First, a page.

contact points, where such behaviour can become a competitive advantage if they
deeply believe in the brand’s values (Vallaster and de Chernatony 2005). It may
therefore be argued that the idea of brand experience, or ‘moments of articulation’
that shape brand identities have potential in branding a university (Lowrie 2007).
The tension between university and school brand, which the corporate
branding literature seldom addresses, is likely to surface in branding efforts in a
university context due to strong traditions of school autonomy and appears to be
another area where there is no simple model or answer to suggest whether it is a
positive or a negative and what the best practice should be for the higher education
context. The individual schools or centres could be viewed as parts of a brand
portfolio; assessment of their ‘brand driver’ potential is key in exploring an
organizing structure (Aaker and Joachimstaler 2000). It this case anecdotal evidence
would suggest that the institutional brand is the core driver, and schools are
secondary. However, the student audience, in particular, also identify with the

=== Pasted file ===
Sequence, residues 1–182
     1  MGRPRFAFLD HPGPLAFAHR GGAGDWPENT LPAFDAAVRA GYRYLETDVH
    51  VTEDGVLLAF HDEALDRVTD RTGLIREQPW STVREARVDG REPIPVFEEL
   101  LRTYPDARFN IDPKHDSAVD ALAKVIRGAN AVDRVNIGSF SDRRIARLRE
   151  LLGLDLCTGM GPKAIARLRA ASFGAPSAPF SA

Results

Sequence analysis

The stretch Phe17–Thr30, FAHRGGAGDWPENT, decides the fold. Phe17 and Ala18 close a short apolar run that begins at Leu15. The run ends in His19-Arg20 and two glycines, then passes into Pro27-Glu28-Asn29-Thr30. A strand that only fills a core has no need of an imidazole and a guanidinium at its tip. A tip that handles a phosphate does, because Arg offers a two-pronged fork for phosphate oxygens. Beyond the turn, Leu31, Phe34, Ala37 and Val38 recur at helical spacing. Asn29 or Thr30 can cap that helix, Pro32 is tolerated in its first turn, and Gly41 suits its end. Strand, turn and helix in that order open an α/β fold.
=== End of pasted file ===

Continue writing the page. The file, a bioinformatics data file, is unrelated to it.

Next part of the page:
individual course as a driver, and there are examples of strong school brands (e.g.
Cass Business School, London) and the situation is not therefore clear-cut.
The concept of branding seemed to be supported among management in UK
universities; important as a management task is to generate shared understanding of
brand values (Vallaster and de Chernatony 2005).
However, the interviews demonstrated that a number of issues are apparent
that make building and maintaining fully developed brands in the commercial sense
Faculties or schools building sub brands in their own right may be considered
occasionally problematic but actually illustrates that a brand architecture structure is
something that universities struggle with; the ‘branded house’ structure seems most
suitable and that universities show commonality with some of the corporate branding
literature, deeper investigation reveals that there really is no simple approach to brand
management that appears to fit.
Universities often have difficulty in identification of a clear ‘brand principle’
or point of differentiation. A common focus is generally intrinsic to a branding
principle, particularly with corporate brands, but this ‘common focus’ can be difficult
to attain in universities that ultimately provide many similar ‘products’ and where
many are yet to clearly understand and articulate where any genuine differentiation